More than 40 people die every day from overdoses of prescription pain relievers like Vicodin, methadone, OxyContin, and Opana, according to the Centers for Disease Control and Prevention, which said the death toll from overdoses of prescription painkillers has more than tripled in the past decade.
“Overdoses involving prescription painkillers are at epidemic levels and now kill more Americans than heroin and cocaine combined, ” said CDC Director Thomas Frieden, M.D., M.P.H. “States, health insurers, health care providers and individuals have critical roles to play in the national effort to stop this epidemic of overdoses while we protect patients who need prescriptions to control pain. ”
The increased use of prescription painkillers for nonmedical reasons, along with growing sales, has contributed to the large number of overdoses and deaths, the CDC said.
In 2010, 1 in every 20 people in the United States age 12 and older—a total of 12 million people—reported using prescription painkillers nonmedically according to the National Survey on Drug Use and Health. Based on the data from the Drug Enforcement Administration, sales of these drugs to pharmacies and health care providers have increased by more than 300 percent since 1999.
“Prescription drug abuse is a silent epidemic that is stealing thousands of lives and tearing apart communities and families across America, ” said Gil Kerlikowske, Director of National Drug Control Policy. “All of us have a role to play. Health care providers and patients should be educated on the risks of prescription painkillers. And parents and grandparents can take time today to properly dispose of any unneeded or expired medications from the home and to talk to their kids about the misuse and abuse of prescription drugs. ”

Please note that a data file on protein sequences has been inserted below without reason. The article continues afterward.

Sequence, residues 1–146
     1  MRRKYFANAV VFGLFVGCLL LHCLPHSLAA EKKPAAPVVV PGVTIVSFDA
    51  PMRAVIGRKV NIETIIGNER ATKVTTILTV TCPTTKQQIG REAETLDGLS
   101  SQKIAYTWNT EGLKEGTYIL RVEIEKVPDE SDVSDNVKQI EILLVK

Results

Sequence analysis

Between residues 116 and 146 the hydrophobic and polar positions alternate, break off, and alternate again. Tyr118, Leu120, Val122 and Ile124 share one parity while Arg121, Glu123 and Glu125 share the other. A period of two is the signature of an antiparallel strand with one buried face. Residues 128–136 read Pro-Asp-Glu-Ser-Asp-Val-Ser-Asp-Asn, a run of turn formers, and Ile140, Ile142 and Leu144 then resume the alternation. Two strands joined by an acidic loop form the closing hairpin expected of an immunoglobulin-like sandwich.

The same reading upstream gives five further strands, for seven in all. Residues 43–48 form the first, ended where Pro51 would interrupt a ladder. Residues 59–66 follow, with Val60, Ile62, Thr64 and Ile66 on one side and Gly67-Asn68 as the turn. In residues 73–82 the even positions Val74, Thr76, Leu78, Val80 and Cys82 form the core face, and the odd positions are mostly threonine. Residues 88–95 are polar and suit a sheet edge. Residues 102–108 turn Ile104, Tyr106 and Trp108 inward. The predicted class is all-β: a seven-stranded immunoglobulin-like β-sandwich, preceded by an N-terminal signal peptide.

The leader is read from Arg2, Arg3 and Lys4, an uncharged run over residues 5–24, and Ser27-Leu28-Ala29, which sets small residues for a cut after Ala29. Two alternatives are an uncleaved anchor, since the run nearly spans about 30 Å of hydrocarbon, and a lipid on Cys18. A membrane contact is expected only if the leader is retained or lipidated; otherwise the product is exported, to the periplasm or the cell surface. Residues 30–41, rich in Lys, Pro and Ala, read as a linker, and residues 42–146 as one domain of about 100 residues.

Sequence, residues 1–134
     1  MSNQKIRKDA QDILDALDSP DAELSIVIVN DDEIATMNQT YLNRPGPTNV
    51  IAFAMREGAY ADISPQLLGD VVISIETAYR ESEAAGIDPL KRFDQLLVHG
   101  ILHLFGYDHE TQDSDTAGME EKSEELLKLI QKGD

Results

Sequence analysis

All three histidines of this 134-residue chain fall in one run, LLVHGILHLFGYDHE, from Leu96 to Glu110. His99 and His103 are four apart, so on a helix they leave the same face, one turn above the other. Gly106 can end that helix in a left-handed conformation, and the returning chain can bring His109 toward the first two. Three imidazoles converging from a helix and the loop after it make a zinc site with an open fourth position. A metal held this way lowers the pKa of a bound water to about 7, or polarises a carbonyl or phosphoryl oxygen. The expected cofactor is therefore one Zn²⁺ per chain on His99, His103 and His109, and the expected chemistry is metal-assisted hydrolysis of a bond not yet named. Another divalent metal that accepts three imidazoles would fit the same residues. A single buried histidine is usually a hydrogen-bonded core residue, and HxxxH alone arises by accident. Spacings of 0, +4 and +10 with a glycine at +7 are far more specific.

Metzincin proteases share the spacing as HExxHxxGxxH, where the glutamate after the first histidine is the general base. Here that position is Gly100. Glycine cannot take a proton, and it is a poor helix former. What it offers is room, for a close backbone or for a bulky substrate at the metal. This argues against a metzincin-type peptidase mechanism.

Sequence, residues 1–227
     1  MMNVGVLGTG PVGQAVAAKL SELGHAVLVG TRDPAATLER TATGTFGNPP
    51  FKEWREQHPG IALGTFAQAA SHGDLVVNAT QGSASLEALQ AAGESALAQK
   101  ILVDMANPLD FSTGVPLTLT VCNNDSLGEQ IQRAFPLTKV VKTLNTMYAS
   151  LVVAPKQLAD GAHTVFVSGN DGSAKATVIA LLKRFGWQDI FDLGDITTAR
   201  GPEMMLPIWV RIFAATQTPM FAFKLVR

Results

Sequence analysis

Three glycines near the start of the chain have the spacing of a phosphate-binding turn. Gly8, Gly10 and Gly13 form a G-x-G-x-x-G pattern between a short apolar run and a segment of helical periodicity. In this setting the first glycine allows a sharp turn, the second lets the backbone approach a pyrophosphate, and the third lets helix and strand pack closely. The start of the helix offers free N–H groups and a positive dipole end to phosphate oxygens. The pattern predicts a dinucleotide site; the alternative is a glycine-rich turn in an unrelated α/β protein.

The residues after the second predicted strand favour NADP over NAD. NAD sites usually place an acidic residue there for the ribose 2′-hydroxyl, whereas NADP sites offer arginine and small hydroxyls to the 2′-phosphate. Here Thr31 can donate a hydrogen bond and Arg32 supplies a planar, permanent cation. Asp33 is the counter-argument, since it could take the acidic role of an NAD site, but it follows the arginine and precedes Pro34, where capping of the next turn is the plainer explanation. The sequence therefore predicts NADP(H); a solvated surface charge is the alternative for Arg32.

In April, the Administration released a comprehensive action plan to address the national prescription drug abuse epidemic to reduce this public health burden.
The plan includes support for the expansion of state–based prescription drug monitoring programs, more convenient and environmentally responsible disposal methods to remove unused medications from the home, education for patients and healthcare providers, and support for law enforcement efforts that reduce the prevalence of "pill mills" and doctor shopping.
Already, 48 states have implemented state–based monitoring programs designed to reduce diversion and doctor shopping while protecting patient privacy and the Department of Justice has conducted a series of takedowns of rogue pain clinics operating as “pill mills. ”
For the analysis, CDC reviewed state data on fatal drug overdoses, nonmedical use of prescription painkillers, and sales of prescription painkillers to pharmacies and health care providers.
The study found:
- State death rates from overdoses (from 2008 data) ranged from a high of 27.0 deaths per 100,000 people in New Mexico to a low of 5.5 deaths per 100,000 people in Nebraska.
- Nonmedical use of prescription painkillers ranged from a high of 1 in 12 people aged 12 and older in Oklahoma to a low of 1 in 30 in Nebraska. States with more nonmedical use tend to have more deaths from drug overdoses.
- Prescription painkiller sales per person were more than three times higher in the highest state, Florida, than in the lowest state, Illinois. States with higher sales per person tend to have higher death rates from drug overdose.